Silva, E.A.A. da; Melo, D.L.B. de; Davide, A.C. ; Bode, N. ; Abreu, G.B. ; Faria, J.M.R. ; Hilhorst, H.W.M. - \ 2007
Annals of Botany 99 (2007)5. - ISSN 0305-7364 - p. 823 - 830.
arabidopsis-thaliana - endosperm - dormancy - embryo - light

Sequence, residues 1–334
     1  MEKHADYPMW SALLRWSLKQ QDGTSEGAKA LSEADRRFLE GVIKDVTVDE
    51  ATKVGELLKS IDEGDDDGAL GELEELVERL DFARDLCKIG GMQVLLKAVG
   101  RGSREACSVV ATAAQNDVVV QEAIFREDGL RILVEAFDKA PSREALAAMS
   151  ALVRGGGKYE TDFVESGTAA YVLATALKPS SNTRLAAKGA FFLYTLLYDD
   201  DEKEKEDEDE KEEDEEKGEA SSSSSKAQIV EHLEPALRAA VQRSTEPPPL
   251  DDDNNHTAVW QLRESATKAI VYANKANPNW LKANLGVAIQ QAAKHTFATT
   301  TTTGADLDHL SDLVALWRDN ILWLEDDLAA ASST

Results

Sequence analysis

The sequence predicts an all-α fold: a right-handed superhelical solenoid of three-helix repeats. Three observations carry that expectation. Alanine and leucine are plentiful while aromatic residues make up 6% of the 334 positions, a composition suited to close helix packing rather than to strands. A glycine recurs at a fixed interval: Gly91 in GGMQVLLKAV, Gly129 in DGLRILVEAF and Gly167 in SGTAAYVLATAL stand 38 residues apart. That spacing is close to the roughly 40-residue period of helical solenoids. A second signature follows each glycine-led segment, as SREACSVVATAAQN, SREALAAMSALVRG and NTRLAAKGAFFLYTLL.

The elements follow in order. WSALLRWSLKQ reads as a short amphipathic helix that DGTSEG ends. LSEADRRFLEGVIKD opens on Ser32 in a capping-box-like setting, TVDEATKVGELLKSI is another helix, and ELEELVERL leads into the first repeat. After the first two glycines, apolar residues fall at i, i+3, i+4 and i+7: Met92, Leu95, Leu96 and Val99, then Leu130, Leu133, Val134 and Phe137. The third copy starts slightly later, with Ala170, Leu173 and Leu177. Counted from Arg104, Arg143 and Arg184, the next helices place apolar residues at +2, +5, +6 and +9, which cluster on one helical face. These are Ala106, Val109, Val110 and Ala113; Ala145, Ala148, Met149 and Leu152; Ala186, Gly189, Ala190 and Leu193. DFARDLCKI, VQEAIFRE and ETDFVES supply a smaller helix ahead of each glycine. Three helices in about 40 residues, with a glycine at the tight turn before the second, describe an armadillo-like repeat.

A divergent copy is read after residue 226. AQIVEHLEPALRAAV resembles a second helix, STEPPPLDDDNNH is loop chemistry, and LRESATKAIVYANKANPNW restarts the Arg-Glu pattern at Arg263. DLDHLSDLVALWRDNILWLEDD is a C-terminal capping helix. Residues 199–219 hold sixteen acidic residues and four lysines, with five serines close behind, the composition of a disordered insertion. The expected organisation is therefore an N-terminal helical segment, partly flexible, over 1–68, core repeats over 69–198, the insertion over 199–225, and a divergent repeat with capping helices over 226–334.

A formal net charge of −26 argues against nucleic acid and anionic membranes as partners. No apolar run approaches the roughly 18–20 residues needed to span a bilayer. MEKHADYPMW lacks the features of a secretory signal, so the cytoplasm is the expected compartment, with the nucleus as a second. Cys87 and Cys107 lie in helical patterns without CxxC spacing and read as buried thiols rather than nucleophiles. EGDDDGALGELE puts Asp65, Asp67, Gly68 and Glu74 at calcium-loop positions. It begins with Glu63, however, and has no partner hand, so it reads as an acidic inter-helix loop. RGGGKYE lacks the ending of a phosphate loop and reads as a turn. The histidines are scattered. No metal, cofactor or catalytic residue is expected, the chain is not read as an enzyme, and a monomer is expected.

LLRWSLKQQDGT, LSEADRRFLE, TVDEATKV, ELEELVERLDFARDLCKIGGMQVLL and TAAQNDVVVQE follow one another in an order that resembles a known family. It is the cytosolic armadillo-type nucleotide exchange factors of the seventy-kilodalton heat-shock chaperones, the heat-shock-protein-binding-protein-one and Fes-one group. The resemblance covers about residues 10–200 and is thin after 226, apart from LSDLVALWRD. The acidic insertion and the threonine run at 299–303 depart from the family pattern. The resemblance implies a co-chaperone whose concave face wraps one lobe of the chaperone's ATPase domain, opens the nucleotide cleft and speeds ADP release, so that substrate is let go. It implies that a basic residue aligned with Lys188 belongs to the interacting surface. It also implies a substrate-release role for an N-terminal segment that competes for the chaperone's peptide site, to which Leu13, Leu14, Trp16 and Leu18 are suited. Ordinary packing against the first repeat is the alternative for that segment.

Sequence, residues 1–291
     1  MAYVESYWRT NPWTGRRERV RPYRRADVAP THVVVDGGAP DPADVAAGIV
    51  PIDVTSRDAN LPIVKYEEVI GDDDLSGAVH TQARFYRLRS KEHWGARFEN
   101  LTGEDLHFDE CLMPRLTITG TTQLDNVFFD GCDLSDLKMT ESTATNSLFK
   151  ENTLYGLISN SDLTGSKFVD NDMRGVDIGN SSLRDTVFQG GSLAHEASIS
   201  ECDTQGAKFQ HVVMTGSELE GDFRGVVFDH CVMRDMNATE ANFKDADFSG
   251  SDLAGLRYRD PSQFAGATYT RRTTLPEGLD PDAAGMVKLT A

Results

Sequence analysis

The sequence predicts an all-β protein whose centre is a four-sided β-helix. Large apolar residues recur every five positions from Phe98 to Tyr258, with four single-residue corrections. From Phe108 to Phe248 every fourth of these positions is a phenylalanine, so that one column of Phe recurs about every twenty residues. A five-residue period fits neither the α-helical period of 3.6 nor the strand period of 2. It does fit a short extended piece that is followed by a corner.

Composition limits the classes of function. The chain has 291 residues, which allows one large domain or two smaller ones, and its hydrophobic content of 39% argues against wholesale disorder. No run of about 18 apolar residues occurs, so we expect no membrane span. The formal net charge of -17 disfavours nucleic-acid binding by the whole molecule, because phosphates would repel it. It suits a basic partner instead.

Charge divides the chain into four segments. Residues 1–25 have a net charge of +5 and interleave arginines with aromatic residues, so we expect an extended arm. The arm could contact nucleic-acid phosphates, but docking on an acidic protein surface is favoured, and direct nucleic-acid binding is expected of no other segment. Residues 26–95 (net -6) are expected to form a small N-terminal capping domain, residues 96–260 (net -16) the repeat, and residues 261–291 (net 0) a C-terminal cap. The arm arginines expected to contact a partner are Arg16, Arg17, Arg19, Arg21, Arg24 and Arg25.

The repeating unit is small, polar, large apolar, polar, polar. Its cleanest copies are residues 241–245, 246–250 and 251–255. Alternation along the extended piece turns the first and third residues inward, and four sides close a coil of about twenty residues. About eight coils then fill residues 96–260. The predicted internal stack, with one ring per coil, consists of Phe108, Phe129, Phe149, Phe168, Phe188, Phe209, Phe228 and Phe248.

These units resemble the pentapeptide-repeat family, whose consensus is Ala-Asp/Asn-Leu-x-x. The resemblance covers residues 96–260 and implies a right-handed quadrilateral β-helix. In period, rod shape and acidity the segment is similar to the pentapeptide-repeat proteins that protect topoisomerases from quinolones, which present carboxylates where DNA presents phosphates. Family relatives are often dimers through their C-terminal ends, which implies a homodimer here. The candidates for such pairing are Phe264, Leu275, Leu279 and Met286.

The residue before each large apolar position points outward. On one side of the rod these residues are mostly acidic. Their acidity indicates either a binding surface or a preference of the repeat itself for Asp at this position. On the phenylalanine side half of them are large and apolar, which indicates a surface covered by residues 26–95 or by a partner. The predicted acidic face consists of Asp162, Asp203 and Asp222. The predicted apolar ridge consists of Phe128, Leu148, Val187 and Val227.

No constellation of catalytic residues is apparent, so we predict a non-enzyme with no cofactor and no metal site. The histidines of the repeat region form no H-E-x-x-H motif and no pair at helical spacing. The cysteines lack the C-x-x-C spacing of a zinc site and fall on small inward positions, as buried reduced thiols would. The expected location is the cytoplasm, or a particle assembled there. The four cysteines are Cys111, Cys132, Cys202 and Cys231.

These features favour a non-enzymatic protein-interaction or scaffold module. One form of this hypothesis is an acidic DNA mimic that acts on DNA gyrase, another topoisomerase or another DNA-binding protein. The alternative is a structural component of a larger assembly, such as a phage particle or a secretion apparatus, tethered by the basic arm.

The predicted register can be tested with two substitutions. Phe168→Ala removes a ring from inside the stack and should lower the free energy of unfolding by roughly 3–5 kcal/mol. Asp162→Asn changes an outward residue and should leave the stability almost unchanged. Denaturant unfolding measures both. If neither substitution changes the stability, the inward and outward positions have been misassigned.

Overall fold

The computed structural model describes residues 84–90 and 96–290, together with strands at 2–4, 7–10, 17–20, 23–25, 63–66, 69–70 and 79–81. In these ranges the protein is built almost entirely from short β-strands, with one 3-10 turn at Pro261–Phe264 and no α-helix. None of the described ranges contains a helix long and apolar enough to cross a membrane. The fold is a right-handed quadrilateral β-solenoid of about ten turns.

Background and Aims Little is known about environmental factors that break morphophysiological dormancy in seeds of the Annonaceae and the mechanisms involved. The aim of this study was to characterize the morphological and physiological components of dormancy of Annona crassiflora, a tree species native to the Cerrado of Brazil, in an ecophysiological context. Methods Morphological and biochemical characteristics of both embryo and endosperm were monitored during dormancy break and germination at field conditions. Seeds were buried in the field and exhumed monthly for 2 years. Germination, embryo length and endosperm digestion, with endo-beta-mannanase activity as a marker, were measured in exhumed seeds, and scanning electron microscopy was used to detect cell division. The effect of constant low and high temperatures and exogenous gibberellins on dormancy break and germination was also tested under laboratory conditions. Key Results After burial in April, A. crassiflora seeds lost their physiological dormancy in the winter months with lowest monthly average minimum temperatures (May-August) prior to the first rainfall of the wet season. The loss of physiological dormancy enabled initiation of embryo growth within the seed during the first 2 months of the rainy season (September-October), resulting in a germination peak in November. Embryo growth occurred mainly through cell expansion but some dividing cells were also observed. Endosperm digestion started at the micropylar side around the embryo and diffused to the rest of the endosperm. Exogenous gibberellins induced both embryo growth and endo-beta-mannanase activity in dormant seeds. Conclusions The physiological dormancy component is broken by low temperature and/or temperature fluctuations preceding the rainy season. Subsequent embryo growth and digestion of the endosperm are both likely to be controlled by gibberellins synthesized during the breaking of physiological dormancy. Radicle protrusion thus occurred at the beginning of the rainy season, thereby maximizing the opportunity for seedlings to emerge and establish.